Barnsley goalkeeper Luke Steele has an added incentive to help his club through to the FA Cup semi-finals at Wembley as it would come at ‘the enemy’s’ expense. Leon Wobschall explains.
THE toast of the red half of Manchester – not once, but twice five seasons ago – Barnsley goalkeeper and Manchester United fan Luke Steele is seeking to provide a pick-me-up for the deflated Old Trafford legions at a venue which still haunts the Red Devils.
The exploits of former Old Trafford custodian Steele and his Tykes team-mates provided the enduring FA Cup story of 2007-08.
In a captivating campaign when big-hitters fell by the wayside, Barnsley vanquished two of United’s big rivals in Liverpool and Chelsea en route to the semi-final.
Barnsley’s class of 2012-13 will see their own names in lights if they claim the big-name scalp of Manchester City tomorrow tea-time at the Etihad Stadium, a venue now synonymous with the last-gasp exploits of Sergio Aguero in May, with his ‘94th-minute’ strike against QPR famously denying United the title.
If Barnsley do prevail tomorrow, expect any sagging spirits still prevalent across the Red section of Manchester to lift partially in the wake of United’s controversial midweek exit from the Champions League, which nailed their hopes of repeating the club’s unprecedented 1999 Treble.
That was also famously denied them on a seismic Saturday in early March in 2008 when the Red Devils bowed out to eventual Cup winners Portsmouth, only for the sense of embarrassment to be eased at the sight of Chelsea losing their quarter-final at Oakwell later that day,
Barnsley captain Steele, who failed to play a first-team game at Old Trafford after being transferred from home-town club Peterborough United in a £500,000 deal in 2002, stood tall that night and on his debut at Anfield in the previous round.
That will be required again at the Etihad, where Steele is hoping to provide the drama at City’s expense.
He said: “I watched the title decider at my friend’s house and five out of the six lads there were Man United fans.
“We couldn’t believe it. I thought we had it in the bag and Aguero popped up and spoiled the day.
“But this year is different, United are looking like they will get it back. It would be nice to reward them further (with a win) on Saturday. I am sure United fans were rooting for us against Liverpool five years ago.
“United were my team then and still are. I would have loved the opportunity to play for them, but it did not happen. That is fair enough, (Edwin) van der Sar was the best goalkeeper in the country at the time, I have no arguments. I knew I had to move on, he had years left in him.”
Aspiring young professionals rarely forget their first-team debuts for clubs and memories of Steele’s first outing for Barnsley, at Anfield on February 16, 2008. will never fade.
The goalkeeper, newly-signed on loan by former Oakwell chief Simon Davey from West Brom, staged an at times one-man crusade to thwart the hosts before Brian Howard fired in a dramatic stoppage-time winner to down Rafa Benitez’s men in a famous 2-1 win.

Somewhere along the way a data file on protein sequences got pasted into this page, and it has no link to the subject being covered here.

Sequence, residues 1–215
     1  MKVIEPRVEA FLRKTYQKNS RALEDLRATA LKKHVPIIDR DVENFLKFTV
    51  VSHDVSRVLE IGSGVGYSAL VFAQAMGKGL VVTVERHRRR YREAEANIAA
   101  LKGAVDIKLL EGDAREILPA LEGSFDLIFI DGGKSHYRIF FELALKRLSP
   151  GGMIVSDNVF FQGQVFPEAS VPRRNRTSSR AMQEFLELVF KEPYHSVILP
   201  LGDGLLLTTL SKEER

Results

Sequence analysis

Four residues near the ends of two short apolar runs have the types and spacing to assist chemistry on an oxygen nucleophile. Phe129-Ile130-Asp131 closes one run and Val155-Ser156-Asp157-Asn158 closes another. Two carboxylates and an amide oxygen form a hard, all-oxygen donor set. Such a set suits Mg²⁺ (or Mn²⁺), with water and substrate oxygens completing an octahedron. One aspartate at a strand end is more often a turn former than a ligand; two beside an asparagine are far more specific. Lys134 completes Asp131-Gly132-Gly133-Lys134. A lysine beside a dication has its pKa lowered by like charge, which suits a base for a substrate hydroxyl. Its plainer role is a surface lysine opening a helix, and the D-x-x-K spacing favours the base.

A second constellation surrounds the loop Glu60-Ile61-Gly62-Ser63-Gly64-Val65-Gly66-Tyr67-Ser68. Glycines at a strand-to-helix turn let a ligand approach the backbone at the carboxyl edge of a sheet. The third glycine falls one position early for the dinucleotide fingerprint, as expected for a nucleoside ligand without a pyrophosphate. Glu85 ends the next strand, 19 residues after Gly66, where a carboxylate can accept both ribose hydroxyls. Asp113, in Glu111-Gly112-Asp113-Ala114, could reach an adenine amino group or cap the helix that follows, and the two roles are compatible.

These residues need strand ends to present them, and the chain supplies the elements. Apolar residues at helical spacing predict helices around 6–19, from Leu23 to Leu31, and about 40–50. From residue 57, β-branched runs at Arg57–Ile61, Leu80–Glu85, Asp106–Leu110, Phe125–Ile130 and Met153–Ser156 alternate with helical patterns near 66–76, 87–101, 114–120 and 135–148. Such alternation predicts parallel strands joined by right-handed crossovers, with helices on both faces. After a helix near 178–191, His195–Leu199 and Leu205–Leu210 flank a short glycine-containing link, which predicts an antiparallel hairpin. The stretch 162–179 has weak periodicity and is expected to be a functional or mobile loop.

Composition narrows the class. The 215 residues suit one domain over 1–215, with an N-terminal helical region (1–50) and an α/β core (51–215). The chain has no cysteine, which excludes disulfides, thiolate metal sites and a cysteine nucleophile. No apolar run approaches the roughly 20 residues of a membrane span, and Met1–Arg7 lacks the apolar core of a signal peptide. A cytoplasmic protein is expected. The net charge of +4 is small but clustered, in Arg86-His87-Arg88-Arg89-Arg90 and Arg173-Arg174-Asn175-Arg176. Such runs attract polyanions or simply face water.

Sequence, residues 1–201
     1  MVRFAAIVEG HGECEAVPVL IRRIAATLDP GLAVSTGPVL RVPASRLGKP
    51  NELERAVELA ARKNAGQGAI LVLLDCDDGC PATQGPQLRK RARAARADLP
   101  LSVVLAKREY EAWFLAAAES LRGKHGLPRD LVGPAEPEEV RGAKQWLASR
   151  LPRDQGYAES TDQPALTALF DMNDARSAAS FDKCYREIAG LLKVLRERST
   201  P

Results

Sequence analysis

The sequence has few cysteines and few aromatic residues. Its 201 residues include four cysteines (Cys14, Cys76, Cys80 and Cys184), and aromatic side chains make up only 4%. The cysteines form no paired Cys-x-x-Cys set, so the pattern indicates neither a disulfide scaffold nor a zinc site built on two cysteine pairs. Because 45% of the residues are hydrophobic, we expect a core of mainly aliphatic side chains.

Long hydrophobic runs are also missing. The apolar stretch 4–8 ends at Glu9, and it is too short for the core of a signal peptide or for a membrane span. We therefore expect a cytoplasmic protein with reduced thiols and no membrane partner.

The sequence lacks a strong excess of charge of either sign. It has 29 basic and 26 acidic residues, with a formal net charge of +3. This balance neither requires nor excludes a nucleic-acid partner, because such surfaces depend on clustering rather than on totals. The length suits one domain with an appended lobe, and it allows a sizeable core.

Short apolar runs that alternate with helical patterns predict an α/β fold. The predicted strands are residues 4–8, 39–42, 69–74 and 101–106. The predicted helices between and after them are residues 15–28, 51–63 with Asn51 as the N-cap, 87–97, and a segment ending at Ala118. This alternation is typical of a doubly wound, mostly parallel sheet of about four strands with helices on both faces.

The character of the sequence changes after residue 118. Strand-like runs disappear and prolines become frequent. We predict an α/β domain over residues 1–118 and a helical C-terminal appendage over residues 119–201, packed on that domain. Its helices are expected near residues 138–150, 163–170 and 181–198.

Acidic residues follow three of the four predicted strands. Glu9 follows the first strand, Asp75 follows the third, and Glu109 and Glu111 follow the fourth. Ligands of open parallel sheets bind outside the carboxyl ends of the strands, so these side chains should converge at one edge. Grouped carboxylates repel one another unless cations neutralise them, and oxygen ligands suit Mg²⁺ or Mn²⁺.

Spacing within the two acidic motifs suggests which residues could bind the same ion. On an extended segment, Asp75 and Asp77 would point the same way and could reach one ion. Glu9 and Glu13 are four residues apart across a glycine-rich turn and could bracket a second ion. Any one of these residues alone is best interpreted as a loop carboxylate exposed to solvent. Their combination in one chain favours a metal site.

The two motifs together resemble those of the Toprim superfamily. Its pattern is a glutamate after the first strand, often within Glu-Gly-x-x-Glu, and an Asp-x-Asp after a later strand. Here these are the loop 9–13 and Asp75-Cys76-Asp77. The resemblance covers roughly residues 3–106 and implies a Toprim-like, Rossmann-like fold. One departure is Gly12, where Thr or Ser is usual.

Steele’s wonder show earned him the Player of the Round accolade and you sense something resembling a repeat will be needed if Barnsley are to book a return to Wembley in the Cup semi-finals.
If there is a joyous re-run, expect a celebration slide from Steele akin to that afternoon on Merseyside.
Recalling that red letter day, Steele said: “I came to Barnsley on the Wednesday and trained on the Thursday and Friday.
“I remember me and Fozie (Steve Foster) shared a room in Liverpool on the Friday night, and I did say to him, ‘Look, give me the names of the team. What is his name, what is his name? Especially the back four’ – I needed to know who I was talking to.
“I remember thinking to myself it was my last chance to prove myself as a goalkeeper. I was probably wrong, but I had been at West Brom, played a couple of games, been on the bench at United, but I felt I needed to play well in a first team. I put a lot of pressure on myself, but things went perfectly.
“It probably helped us conceding that goal quite early on. It settled us down, it settled me down.
“They changed their game a bit and after that it went amazingly. I just felt invincible that day.
“When we got the goal... I never slide on my knees, and never have since that day, but did when Brian scored. I slid in front of our fans. The roar was incredible. Maybe if we score a goal like that on Saturday, you’ll get something similar.”
Championship safety may be Barnsley’s overriding priority, with their run to the last eight of the Cup being a bonus.
But Steele is intent on exorcising a few Wembley demons by getting past City and booking a return to the home of football where he and Reds team-mates cut dejected figures after their semi-final loss to Cardiff City in April, 2008, when Barnsley ‘did not turn up’ on the day.
Steele, a survivor from that famous Cup run along with Bobby Hassell and Stephen Foster, said: “As good as day as it was, the game was horrible. It is tough to lose a semi-final, and in a game where we had a good chance to win. I was devastated. It took me a while to get over that and I wanted to get back as soon as possible to replace those demons.
“This is an opportunity where we are close to playing there again; it would be a dream.”